Okanagan Lake has been the subject of much media attention over the last few weeks, since the most eastern flank of the White Rock Lake Fire has reached its shores. However, given the lake’s long history (it is, in fact, pre-historic), this is not the first time it has made the news.

A series of Anomolies

In February of 2021, some North Okanagan residents were shocked to see what appeared to be a tornado emerging over the lake near Fintry. This was later identified to be a steam devil, which forms over large bodies of water during cold air outbreaks. Steam devils are common occurrences on Canada’s Great Lakes, but it was only due to the North Okanagan’s unusual cold snap this past winter that one was able to form over Okanagan Lake.   

In 1979, the lake was recognized as an excellent location for underwater treasure hunters. Hundreds of pieces of glass and earthenware were found to be lying on the lake bottom, thrown overboard over the years by passengers on sternwheelers and other water crafts. In 1978, two divers discovered, at the bottom of the lake, an old steamer trunk full of collectible bottles, much to their delight.

On November 4, 1913, a tugboat called the Skookum collided with a CPR tug, the SS Castlegar, and sank almost immediately. The crew survived, with some minor injuries, but the vessel was never recovered. It is believed that the tug remains, to this day, in the silent depths of the lake. 

Sometime in the mid-1880s, the infamous Captain Shorts and a companion were wandering the shores of Okanagan Lake when they made a startling discovery; partly submerged in a few feet of water was the vertebrae of some enormous sea creature. The two men brought the bone to Leonard Norris, a government agent in Vernon, who, many years later, had it sent it to the University of British Columbia for identification. It was determined to be a whale bone, brought into the valley by human means, but how it came to be lying abandoned in a rugged and unfrequented section of Okanagan Lake remains unknown.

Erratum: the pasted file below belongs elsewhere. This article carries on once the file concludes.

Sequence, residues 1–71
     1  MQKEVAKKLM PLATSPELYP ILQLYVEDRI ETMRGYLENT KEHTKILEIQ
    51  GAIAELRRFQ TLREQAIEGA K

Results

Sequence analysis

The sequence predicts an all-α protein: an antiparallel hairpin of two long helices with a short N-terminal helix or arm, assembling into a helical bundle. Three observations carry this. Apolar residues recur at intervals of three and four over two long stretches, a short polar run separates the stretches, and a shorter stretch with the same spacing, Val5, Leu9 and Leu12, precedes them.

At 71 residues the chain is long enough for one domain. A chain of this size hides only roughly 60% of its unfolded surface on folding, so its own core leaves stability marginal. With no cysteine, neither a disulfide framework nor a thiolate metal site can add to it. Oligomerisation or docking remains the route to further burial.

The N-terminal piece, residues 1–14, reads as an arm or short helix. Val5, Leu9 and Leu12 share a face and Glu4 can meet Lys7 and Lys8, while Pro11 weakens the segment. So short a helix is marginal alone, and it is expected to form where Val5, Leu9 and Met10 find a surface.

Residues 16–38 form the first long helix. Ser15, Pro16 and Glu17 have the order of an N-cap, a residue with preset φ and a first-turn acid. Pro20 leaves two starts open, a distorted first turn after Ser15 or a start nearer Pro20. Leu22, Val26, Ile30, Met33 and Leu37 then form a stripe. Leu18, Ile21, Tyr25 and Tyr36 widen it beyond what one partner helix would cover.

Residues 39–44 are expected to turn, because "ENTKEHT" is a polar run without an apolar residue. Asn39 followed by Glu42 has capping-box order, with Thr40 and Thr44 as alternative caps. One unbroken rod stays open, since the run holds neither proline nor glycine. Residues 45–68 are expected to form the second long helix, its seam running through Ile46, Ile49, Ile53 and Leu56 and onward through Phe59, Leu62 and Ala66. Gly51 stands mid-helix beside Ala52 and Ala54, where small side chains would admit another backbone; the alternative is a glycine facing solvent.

And long before the concept of “news” was even invented, the lake and its environs represented part of the territory of the Syilx People of the Okanagan Nation, and stood as a silent witness to all the little anomalies of human life. 

 

Gwyn Evans, Research and Communications Coordinator

 

 

 

For July and August, the Vernon Museum will share a series of articles that explore some of the many heritage sites around the North Okanagan. To plan a visit to any of the sites featured, please visit https://vernonmuseum.ca/explore/heritage-field-trips/.

 

The First Balloon is Released

In the afternoon of October 31, 1971, more than 100 people turned out, including the mayor, a federal deputy minister, and the local MP, to watch Russ Colville, a meteorological technician at the Vernon Upper Air Station, launch the site’s first hydrogen balloon.